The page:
Local and international trade bodies have raised concerns around South Africa’s alcohol sale ban as it violates existing trade agreements.
EU industry body SpiritsEUROPE urged the South African government to provide a clear and reliable timeline to quickly lift the total ban.
“The ban rips away all the benefits from the Economic Partnership Agreement between the EU and South Africa at a time when we should actually find ways to deepen our trading relations to support each other’s recovery processes,” Ulrich Adam, director general of spiritsEUROPE, said.
“Banning sales also means banning imports of European spirits – while South Africa continues to export particularly wine which has 110 million litre quota duty-free export into EU under the EPA, contributing to R5.7 billion in net exports earnings for South Africa on alcohol.
“Our member companies operating in South Africa are deeply concerned about the uncertainty of current trading conditions.
“The lack of clarity on whether and when the ban might be lifted makes business planning impossible. We therefore need a clear and reliable timeline.”
The group also highlighted the significant damage that the ban has had on the local industry.
The ban has dire economic consequences for the entire supply and distribution chain, hurting smallholder farmers who produce grains and grapes, as well as distributors and sector workers, it said.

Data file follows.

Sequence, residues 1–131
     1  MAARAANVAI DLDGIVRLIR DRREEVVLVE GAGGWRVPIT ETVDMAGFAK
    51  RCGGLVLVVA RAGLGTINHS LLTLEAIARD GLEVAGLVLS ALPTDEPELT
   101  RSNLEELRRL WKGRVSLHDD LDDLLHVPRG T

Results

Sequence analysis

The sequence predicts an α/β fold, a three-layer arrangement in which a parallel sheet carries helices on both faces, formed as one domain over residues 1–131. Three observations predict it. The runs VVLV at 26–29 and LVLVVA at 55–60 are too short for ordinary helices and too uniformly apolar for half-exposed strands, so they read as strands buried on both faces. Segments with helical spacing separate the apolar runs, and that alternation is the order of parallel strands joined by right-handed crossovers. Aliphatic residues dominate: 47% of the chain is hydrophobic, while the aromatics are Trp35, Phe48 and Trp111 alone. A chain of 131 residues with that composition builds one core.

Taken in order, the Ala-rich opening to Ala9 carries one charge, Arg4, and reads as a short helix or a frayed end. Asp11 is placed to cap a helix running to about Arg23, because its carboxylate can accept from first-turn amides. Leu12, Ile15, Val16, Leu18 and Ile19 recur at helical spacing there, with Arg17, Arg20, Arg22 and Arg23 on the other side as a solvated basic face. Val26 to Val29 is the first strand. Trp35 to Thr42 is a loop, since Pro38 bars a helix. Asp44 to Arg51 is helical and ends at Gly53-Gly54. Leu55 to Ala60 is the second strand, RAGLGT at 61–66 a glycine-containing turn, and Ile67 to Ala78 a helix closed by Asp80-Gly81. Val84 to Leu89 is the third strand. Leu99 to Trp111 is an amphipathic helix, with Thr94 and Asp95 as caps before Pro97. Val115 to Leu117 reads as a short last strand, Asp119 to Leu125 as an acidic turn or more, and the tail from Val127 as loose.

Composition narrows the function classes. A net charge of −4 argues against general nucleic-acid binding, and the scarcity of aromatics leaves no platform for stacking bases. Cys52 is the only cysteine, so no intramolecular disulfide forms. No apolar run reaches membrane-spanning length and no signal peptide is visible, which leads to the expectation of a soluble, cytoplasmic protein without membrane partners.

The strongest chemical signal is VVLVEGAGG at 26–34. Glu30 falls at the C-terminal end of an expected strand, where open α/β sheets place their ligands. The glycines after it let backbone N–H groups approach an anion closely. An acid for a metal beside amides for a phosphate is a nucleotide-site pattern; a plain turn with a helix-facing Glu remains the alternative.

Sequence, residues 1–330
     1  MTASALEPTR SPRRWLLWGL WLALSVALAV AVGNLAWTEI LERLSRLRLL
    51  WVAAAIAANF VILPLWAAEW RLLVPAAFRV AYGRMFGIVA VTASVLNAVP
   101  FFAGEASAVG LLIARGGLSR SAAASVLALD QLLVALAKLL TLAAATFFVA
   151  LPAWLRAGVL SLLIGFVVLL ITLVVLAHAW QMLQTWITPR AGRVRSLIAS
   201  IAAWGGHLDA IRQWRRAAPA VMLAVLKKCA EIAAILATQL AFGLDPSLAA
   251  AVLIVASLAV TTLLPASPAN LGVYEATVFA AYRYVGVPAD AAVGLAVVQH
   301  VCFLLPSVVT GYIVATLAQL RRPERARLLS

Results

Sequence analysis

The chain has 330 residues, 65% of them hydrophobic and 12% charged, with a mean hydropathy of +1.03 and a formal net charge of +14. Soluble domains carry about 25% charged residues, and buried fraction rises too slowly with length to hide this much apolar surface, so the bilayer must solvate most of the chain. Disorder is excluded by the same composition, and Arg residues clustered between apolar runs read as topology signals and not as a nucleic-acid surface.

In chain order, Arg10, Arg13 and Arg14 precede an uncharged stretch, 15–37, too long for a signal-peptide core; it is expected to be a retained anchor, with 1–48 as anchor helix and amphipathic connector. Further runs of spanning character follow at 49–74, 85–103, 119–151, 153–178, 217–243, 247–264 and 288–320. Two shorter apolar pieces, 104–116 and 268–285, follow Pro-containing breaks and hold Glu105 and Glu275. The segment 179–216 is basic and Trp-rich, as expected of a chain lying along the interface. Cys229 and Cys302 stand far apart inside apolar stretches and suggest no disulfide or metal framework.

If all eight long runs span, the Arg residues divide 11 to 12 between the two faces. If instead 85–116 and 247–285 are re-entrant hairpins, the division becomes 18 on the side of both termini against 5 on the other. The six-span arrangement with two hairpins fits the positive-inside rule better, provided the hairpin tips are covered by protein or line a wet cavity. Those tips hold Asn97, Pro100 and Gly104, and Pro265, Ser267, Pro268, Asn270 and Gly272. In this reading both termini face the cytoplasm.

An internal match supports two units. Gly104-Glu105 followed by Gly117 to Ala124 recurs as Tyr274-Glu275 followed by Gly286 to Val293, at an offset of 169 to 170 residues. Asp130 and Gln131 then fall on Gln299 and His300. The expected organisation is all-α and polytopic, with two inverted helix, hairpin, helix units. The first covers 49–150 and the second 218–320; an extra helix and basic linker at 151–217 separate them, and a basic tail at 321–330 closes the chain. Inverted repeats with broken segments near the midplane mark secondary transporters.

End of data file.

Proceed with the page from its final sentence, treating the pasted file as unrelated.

“The total loss in taxes (excl. excise tax) for the first ban was R13.9 billion. Assuming an additional nine-week ban will increase the potential loss to between R23.8 billion. The latter is equivalent to 1.9% of tax income (excluding excise tax).
“The total loss in excise taxes for the first ban was R4 billion. Adding another 9-week ban will increase the potential loss to R7.2 billion. The latter is equivalent to 17.6% of excise tax income,” it said.
The ban is also felt among major trading partners such as the European Union (EU), the group said.
“South Africa is the prime export destination for European spirits in Africa with exports amounting to €255 million (R5.3 billion) in 2019.”
Local industry weighs in
The European Union is South Africa’s biggest trading partner and the Economic Partnership Agreement signed between the two parties in 2016 allows for export of 110-million litres of South African wines duty-free into the EU region.
In return, the EU exports mainly spirit products into Southern Africa. This trade is now constrained due to the extended ban on alcohol sales, local industry players said.
Sibani Mngadi, spokesperson for the South African alcohol industry, said it was important for the government to consider the overall effect of the ban when deciding on the next steps in response to Covid-19.
“With progress being made in the health response to the pandemic, it is critical for the government to limit further the negative impact of the ban in the local economy and on our international obligations as a country,” he said.
“The South African economy has already lost an estimated R13 billion in direct capital investments with South African Breweries, Heineken, and Consol Glass all halting their capital expansion projects last week due to the ban.”